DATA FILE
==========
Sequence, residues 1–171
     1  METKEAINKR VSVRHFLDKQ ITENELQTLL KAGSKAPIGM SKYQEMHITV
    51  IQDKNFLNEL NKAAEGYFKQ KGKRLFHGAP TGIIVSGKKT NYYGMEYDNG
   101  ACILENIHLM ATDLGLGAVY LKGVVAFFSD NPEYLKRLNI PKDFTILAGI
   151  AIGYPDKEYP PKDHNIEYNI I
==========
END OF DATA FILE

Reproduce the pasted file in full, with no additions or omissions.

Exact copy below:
Sequence, residues 1–171
     1  METKEAINKR VSVRHFLDKQ ITENELQTLL KAGSKAPIGM SKYQEMHITV
    51  IQDKNFLNEL NKAAEGYFKQ KGKRLFHGAP TGIIVSGKKT NYYGMEYDNG
   101  ACILENIHLM ATDLGLGAVY LKGVVAFFSD NPEYLKRLNI PKDFTILAGI
   151  AIGYPDKEYP PKDHNIEYNI I